Cuts to Cancer Drugs Fund condemned by charities
Charities have condemned the decision to cut more treatments from England’s Cancer Drugs Fund (CDF) – a move described by one as a ‘hammer blow’ to patients.
The decision to cut a further 16 medicines across 23 indications was confirmed late on Friday afternoon, including treatments for breast cancer, pancreatic and cervical cancer, multiple myeloma, leukaemia and bowel cancer.
Among the most notable among these are Roche’s Kadcyla for breast cancer and Celgene’s Abraxane for pancreatic cancer, one of few treatments available for the condition.
A further 16 indications were reviewed but retained on the list, including Janssen’s Zytiga in prostate cancer and Pfizer’s Xalkori in ALK+ lung cancer.
This is the second tranche of drugs ‘de-listed’ this year, and now means the number of treatments covered has been halved since January, in an attempt to rein in a repeatedly overspent budget.
The Rarer Cancers Foundation said the decision was a ‘hammer blow’ and estimated that a total of 5,500 patients would miss out on life-extending treatment.
Professor Peter Clark, oncologist and the chairman of the CDF, had warned earlier this year that further cuts would be necessary, and indicated the de-listed treatments did not offer value for money.
New cancer drugs are often among the most expensive of medicines, but frequently offer just a few extra months of life for patients – making it difficult for England’s cost effectiveness watchdog NICE to say yes using its standard criteria.
The CDF was first set up in 2011 with a budget of £200 million to circumvent the NICE problem, an approach which all stakeholders now say was a ‘sticking plaster’ solution.
After repeated overspends, the CDF budget has been raised to £340 million for this financial year, rising again to £410 million the following year. Nevertheless, the Fund was on course to overspend by £70 million this year, and the latest cuts will only bring it back within budget next year.
Prof Clark said: “There is no escaping the fact that we face a difficult set of choices, but it is our duty to ensure we get maximum value from every penny available on behalf of patients.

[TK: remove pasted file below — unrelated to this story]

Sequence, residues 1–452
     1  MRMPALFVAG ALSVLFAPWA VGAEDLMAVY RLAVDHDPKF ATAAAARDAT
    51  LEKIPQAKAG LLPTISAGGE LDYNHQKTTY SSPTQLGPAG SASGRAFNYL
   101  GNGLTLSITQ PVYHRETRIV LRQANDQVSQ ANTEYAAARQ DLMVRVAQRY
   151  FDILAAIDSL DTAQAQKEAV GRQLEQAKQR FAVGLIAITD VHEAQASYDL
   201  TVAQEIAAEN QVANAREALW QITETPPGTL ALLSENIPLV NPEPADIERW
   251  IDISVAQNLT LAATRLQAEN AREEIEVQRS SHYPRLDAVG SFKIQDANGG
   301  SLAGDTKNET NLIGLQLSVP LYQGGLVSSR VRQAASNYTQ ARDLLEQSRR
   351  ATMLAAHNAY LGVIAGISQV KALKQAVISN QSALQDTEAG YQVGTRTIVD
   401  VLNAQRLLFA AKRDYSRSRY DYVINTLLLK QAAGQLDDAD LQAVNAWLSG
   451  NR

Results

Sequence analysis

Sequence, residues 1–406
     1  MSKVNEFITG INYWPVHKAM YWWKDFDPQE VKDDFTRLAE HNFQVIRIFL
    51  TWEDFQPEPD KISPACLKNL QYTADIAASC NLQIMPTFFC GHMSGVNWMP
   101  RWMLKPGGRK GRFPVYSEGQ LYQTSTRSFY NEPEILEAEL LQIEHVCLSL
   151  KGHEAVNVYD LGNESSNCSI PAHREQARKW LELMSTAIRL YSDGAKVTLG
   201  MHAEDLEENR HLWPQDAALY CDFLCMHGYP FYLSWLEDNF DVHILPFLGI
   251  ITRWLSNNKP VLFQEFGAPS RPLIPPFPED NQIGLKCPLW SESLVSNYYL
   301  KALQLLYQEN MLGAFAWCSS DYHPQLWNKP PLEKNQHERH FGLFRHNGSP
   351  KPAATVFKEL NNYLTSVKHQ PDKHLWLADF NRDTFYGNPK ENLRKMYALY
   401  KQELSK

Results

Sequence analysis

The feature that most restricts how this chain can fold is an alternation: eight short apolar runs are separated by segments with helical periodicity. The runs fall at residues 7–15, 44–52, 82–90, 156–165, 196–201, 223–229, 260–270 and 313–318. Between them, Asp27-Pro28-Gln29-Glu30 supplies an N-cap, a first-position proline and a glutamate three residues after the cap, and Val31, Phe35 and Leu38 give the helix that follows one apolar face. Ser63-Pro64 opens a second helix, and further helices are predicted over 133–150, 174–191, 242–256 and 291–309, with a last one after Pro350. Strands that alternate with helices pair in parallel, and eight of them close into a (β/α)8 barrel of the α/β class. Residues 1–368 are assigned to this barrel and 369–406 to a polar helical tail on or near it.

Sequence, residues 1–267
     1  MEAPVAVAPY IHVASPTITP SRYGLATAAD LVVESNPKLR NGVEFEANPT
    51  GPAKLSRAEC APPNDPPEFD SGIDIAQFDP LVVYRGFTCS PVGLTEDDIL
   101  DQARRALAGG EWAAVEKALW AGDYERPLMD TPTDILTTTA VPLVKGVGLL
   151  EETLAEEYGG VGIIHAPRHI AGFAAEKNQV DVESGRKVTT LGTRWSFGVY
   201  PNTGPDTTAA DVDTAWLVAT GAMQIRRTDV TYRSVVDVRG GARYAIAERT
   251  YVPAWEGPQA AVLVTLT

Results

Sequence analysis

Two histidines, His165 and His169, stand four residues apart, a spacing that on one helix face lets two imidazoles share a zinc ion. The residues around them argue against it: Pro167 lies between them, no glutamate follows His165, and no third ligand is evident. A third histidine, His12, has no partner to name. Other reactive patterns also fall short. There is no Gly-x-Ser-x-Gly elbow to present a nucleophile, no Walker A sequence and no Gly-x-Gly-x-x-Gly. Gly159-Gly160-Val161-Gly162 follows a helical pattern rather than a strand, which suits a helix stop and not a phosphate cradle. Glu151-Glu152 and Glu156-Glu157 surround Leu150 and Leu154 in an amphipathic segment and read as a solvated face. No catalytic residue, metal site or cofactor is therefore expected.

“We must ensure we invest in those treatments that offer the most benefit, based on rigorous evidence-based clinical analysis and an assessment of the cost of those treatments.”
NHS England said current projections suggest that without de-listing, spend on the fund would rise to around £410 million this year.
The de-listing will take effect on 4 November; patients already receiving treatment through the fund will continue to have access.
Several breast cancer drugs were cut in the first de-listing, and now Roche’s Kadcyla has also been removed, having survived the January cull.
Kadcyla was one of the most expensive drugs on the CDF, its official price being £90,000 per patient, although confidential discounts agreed between Roche and the CDF will have brought this price down.
It appears that renewed calls for discounts on Kadycla’s price have not been met by Roche, resulting in its de-listing. This follows a very public row last year between NICE and Roche over the drug’s price.
Charity Breast Cancer Now said it was a ‘dreadful day’ for patients. Chief executive Baroness Delyth Morgan, said there had been a lack of leadership: “Kadcyla is a one-of-a-kind drug proven to extend life, and the fact is that because government, the NHS and the pharmaceutical industry have failed to agree realistic prices for new drugs, some women will die sooner.
“Despite many families relying on it, the CDF has unfortunately failed, and today’s delisting will further reduce the NHS’ ability to keep pace with Europe in the treatment of breast cancer.”